A number of studies have shown a link between moderate drinking and a lowered risk for heart attack, heart and blood vessel diseases, stroke, type 2 diabetes, and gallstones.
Alcohol may have some health benefits. But it may lead to abusive drinking and other diseases. Because there's no sure way to know who will have an abuse problem, the American Heart Association (AHA) and other experts don't advise drinking alcohol to gain possible health benefits. Talk with your healthcare provider about the benefits and risks of moderate alcohol use.
Moderate drinking is defined as no more than 1 drink a day for women and 2 drinks a day for men. A drink is considered 12 ounces of regular beer, 4 ounces to 5 ounces of wine, or 1.5 ounces of 80-proof distilled spirits. Pregnant women should avoid all alcohol because it can lead to birth defects.
Moderation is different for men, women, and older adults. This is because alcohol’s effects depend on how the body absorbs and breaks down alcohol. Older adults break down alcohol more slowly than younger people. This means alcohol stays in their bodies longer. A person's height and weight also impact how alcohol is absorbed. The smaller and lighter you are, the more quickly alcohol is absorbed. People from some ethnic groups also have a harder time breaking down alcohol. Even small amounts can have a big effect on their bodies.
People respond differently to alcohol for other reasons besides height and weight. This includes gender, age, genetics, and overall health. The amount of alcohol you drink, when you drink it, and any history of problem drinking can also affect your reaction to alcohol.
When alcohol is taken into the body, it passes from the stomach and small intestine into the blood. Then it's carried to all organs of the body. Alcohol can be dissolved in water, so it enters your organs in proportion to the amount of water they hold. The more water available in the organs to soak up alcohol, the less alcohol remains in your bloodstream.
Your liver does most of the work of breaking down alcohol. The liver removes alcohol from your body so it won't damage other organs. But, the liver can break down only a certain amount of alcohol per hour, regardless of the amount you drink. A very small percentage of alcohol escapes this process and is eliminated unchanged in your breath, sweat, and urine. Until all the alcohol in the body has been broken down, it stays in the brain and other tissues of the body and continues to cause effects.
In general, women and older men have less water in their organs than younger men. Therefore, less alcohol enters their organs and more alcohol stays in their bloodstream. Younger women make less of the stomach enzyme that breaks down alcohol in the stomach. This means more alcohol is available to be soaked up into the blood. As a result, a young woman will have a higher blood alcohol level than a man of the same age who drinks the same amount of alcohol.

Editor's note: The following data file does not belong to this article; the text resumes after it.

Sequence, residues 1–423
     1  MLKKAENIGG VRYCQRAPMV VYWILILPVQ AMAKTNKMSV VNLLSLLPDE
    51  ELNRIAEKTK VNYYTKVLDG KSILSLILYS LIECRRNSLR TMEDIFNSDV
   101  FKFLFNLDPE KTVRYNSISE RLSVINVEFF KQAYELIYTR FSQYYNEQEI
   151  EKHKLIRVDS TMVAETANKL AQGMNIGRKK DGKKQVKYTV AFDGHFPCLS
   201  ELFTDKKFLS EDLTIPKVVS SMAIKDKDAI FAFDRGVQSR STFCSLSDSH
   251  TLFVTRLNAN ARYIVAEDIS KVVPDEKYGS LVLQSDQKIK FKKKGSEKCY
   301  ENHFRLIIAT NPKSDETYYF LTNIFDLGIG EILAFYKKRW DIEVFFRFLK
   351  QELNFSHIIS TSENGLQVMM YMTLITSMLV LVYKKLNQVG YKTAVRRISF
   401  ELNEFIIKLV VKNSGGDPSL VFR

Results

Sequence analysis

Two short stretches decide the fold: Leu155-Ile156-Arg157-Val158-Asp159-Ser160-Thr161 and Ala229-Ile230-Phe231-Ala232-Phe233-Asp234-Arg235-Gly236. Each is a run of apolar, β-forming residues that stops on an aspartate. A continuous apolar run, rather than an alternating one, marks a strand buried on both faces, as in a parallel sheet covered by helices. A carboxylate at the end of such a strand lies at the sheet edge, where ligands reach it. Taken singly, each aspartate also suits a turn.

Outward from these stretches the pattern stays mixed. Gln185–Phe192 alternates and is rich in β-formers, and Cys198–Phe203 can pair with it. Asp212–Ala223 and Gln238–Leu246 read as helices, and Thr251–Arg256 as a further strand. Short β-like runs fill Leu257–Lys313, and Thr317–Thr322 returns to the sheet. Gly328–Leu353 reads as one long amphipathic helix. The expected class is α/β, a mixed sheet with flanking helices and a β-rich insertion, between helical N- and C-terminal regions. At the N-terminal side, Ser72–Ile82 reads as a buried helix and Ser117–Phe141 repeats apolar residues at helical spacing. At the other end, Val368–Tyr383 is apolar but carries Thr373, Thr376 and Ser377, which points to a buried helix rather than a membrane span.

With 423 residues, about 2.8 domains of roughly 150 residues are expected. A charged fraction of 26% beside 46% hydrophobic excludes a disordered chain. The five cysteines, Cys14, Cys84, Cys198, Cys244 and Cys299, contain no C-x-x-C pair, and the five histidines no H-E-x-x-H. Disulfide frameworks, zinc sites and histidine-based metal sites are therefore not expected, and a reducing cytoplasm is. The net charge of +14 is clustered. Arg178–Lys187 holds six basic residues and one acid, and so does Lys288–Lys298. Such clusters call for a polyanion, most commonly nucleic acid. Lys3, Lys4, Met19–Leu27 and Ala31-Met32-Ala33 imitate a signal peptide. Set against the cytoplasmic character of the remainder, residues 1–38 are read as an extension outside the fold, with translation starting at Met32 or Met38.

Heredity may play a role in how alcohol and your body act together. Moderate drinkers who have genes that cause a slower breakdown of alcohol are at much lower risk for heart and blood vessel disease than moderate drinkers who have genes that cause rapid breakdown of alcohol.
Alcohol is broken down more slowly when it's soaked up. The process of soaking up alcohol is slowed when you drink alcohol during or right after a meal. The slower soaking up process lets the liver break down alcohol at a rate that keeps more of it from reaching other organs.
Because the liver breaks down alcohol, people with liver disease are more sensitive to drinking. Certain medicines may cause harmful reactions if you drink while taking them. Alcohol affects the breakdown of a wide variety of medicines by increasing the activity of some and decreasing the activity of others. Most notably, heavy alcohol consumption when taking acetaminophen can lead to liver damage.
Also, for people with a history of alcoholism, the danger of drinking is far greater than the possible heart and blood vessel benefits.
The AHA says moderate alcohol consumption helps protect against heart disease by raising HDL ("good") cholesterol and reducing plaque buildup in your arteries. Alcohol also has a mild blood thinning effect. This keeps platelets from clumping together to form blood clots. Moderate drinking may lower the risk for heart disease among men older than 45 and women older than 55. Moderate consumption provides little, if any, health benefit for younger people. And the risk of alcohol abuse increases when drinking starts at an early age. Remember that alcohol doesn't give complete protection against heart disease.
In addition, excessive drinking can raise triglyceride levels. It also increases blood pressure, and raises the risk for stroke. It can also raise the risk for abnormal heart rhythms such as atrial fibrillation.
While there's no fat in alcohol, there are 7 calories per gram. That translates to between 100 calories and 150 calories for the alcohol in a typical beer, wine, or spirits drink. Add to that the calories in drink mixers, and drinking could be a setup for weight gain.